For generations, plantation owners strove to keep black laborers on the farm and competing businesses out of town. Today, the towns faring best are the ones whose white residents stayed to reckon with their own history.
In the Mississippi Delta town of Tchula, there’s a fading columned mansion that once belonged to Sara Virginia Jones, the daughter of a local plantation dynasty. Its walls were lined with nearly 400 works by artists as prominent as Paul Cezanne, Marc Chagall, Pierre-Auguste Renoir, Salvador Dali, and Andy Warhol.
Then, in the 1990s, the house changed hands. Today, it is filled with framed photos of the current owner—Tchula’s controversial first black mayor, Eddie Carthan, who was in office from 1977 to 1981—posing with U.S. presidents Carter, Clinton, and Obama and the Nation of Islam’s Louis Farrakhan.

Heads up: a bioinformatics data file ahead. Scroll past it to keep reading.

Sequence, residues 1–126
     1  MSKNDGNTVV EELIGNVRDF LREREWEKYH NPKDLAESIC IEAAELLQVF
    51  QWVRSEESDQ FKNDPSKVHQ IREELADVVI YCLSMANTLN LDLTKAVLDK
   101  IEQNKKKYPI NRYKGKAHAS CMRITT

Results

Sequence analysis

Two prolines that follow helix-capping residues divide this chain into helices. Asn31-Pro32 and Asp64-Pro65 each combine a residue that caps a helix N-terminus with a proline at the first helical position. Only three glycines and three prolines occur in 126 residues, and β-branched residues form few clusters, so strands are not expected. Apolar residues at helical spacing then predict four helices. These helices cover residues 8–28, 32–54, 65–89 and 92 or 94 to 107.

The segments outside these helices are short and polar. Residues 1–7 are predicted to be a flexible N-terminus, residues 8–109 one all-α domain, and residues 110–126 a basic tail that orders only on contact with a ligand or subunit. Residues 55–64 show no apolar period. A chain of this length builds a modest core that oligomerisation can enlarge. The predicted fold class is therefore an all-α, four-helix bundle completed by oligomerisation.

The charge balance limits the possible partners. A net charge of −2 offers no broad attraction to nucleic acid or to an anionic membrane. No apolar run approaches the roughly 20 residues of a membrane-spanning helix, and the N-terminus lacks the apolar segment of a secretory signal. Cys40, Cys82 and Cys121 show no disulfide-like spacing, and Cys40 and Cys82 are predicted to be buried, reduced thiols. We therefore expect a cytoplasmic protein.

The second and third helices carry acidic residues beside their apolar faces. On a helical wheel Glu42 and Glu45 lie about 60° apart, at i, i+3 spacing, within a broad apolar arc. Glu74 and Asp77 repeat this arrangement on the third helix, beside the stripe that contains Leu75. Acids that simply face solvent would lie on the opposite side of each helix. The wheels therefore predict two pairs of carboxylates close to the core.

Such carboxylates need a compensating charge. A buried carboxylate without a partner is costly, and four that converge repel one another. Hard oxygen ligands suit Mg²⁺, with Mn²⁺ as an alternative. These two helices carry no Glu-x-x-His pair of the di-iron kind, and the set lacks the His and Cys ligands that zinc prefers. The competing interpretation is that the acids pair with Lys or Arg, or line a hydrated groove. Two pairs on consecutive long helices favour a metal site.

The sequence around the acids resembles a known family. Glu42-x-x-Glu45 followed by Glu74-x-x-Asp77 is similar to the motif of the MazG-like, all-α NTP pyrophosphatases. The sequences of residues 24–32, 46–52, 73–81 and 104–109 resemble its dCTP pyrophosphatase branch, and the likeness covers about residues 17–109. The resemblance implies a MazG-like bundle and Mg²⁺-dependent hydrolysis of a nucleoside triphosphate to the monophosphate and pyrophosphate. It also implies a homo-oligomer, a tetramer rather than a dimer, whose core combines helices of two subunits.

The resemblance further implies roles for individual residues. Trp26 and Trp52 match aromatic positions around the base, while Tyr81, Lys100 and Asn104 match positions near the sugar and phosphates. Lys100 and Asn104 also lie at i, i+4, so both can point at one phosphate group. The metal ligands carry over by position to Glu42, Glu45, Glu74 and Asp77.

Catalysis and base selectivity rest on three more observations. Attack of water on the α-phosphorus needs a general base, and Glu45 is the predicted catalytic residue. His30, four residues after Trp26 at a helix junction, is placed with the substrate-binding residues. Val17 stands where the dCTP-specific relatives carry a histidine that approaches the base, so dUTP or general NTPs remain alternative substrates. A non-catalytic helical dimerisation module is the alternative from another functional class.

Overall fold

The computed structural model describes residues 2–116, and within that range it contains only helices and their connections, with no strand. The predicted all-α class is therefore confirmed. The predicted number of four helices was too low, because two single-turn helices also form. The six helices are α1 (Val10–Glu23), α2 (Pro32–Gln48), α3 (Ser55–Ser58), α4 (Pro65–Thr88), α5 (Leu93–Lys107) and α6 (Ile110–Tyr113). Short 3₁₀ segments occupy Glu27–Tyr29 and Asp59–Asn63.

The irony of this set change is not lost on Carthan, who, as he puts it, went “from being a second-class citizen to staying in a house where the slave-owners used to live.” Carthan grew up in a shack outside Tchula, on property his family purchased in the 1930s as part of a New Deal project. The land was located on a former plantation, which the government bought and divided among several black tenants. His community became a relatively safe haven for African Americans and later formed an important staging ground during the civil-rights era.